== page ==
Welcome to Little House Press
Reviews for The Mouse & the Buddha


From satisfied customers and happy parents

My son LOVES LOVES Tsi Tsi, and writes his name and has memorized parts of the book.  He so enjoys the part where Tsi Tsi eats the treats and plants the garden.  It is very touching to hear him read aloud the wisdom of the Buddha about how to live one's life, and he is starting to connect that Tsi Tsi even showed love to the cat...I tell him it's like forgiving his sister and doing something nice for her.  We're still working on that. 
Just wanted you to know that he asks for Tsi Tsi every night.
A. Williams

I purchased this book as birthday present for my best friend's daughter, but it's tempting to keep just for the beautiful artwork and story.. So much color! Such nice universal teachings. Very accessible to kids (and adults) of all religions.
S. Bryant

Like many other parents, I find myself constantly reinforcing right vs. wrong to my young boy - especially since my family isn't overly religious. This is the best morality lesson I've found in a children's book, communicated very simply and illustrated beautifully, which both captivates my son's attention and helps him understand how to be a good person in this world. I would highly recommend it to any parent looking for effective ways to teach good behavior to their child.
A. Mitchell

Students, Ricardo Richards Elementary School
St. Croix, USVI

School Library Journal

Reviewed 2006-09-01

PreS-Gr 1 -This gentle tale combines basic teachings of the Buddha with a knowing appreciation of the love most children have for small animals, in this case a mouse. Tsi Tsi enters a Buddhist temple by night and finds a wealth of food offerings left there. As he eats, the Buddha, via the temple statue, shares with him the essence of his wisdom: -Be kind to others,- -Be forgiving,- -Have compassion for those less fortunate than you,- and so on. Tsi Tsi takes the teachings to heart and begins to help older mice, those who are lonely and sick, and so forth. The Buddha, in return, receives the mouse-s tickling of his stomach and the gift of laughter. Openly didactic, the tale serves as a simple introduction to Buddhism in an easily digestible form. Most of the teachings are given in a series of spreads. The illustrations are simply drawn, featuring black outlines and rich colors. Children might pay more attention to Tsi Tsi-s activities than to the teachings, which are central to all religions, but since the mouse decides to act upon the instruction, the lessons are likely to make an impression.-Coop Renner, Hillside Elementary, El Paso, TX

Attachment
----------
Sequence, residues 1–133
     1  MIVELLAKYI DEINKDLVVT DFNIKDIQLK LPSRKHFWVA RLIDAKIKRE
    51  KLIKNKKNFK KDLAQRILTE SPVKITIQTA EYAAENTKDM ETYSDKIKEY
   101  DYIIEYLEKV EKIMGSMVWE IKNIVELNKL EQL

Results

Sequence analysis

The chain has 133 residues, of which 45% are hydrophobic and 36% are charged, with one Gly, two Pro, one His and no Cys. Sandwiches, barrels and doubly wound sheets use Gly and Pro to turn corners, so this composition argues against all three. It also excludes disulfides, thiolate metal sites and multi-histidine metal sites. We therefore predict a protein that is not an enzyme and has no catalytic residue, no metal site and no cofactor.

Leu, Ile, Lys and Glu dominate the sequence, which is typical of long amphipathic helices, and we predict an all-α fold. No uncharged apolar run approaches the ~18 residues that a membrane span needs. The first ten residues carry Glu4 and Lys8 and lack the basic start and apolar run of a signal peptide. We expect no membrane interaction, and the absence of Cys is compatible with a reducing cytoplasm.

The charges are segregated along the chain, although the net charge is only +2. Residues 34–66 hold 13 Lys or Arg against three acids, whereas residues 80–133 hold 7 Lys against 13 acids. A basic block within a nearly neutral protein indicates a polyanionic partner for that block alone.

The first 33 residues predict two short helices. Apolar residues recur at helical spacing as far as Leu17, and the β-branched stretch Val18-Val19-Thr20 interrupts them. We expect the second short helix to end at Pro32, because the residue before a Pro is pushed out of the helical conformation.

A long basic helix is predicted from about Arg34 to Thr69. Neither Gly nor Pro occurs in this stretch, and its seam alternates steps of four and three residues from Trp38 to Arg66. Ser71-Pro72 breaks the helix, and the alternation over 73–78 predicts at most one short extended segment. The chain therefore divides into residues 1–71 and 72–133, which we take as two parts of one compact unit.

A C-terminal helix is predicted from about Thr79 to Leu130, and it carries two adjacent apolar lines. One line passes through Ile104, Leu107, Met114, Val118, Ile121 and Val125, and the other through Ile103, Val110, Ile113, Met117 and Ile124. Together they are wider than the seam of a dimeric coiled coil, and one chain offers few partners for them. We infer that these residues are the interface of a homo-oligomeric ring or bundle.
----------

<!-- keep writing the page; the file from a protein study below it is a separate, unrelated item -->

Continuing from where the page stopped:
Copyright © Reed Business Information,
a division of Reed Elsevier Inc.
All rights reserved.

Children of the New Earth
June 2006
Reviewed by Erin Kelly-Allshouse

This is a delightful story about a curious and hungry little mouse named Tsi Tsi (which is Tibetan for mouse). Tsi Tsi learns universal truths while sneaking a late night snack in Buddha’s temple in the high mountains of Dharmasala, India. He sneaks past the sleeping children and enters the temple to find a feast fit for, well, Buddha. Tsi Tsi is so happy about her new discovery! She sits and eats the treats and watches the candles and incense burn to nothing but ashes, until one day the Buddha spoke to this hungry little creature and lovingly shared his wisdom. Read about this funny mouse that learns some great lessons of truth from Buddha. Tsi Tsi took Buddha’s advice and notices how her life transforms. She knew when she was able to be nice to a cat that she was a changed mouse! For insights and entertainment I recommend you add this simple story with a great lesson to your children’s library.

Website Builder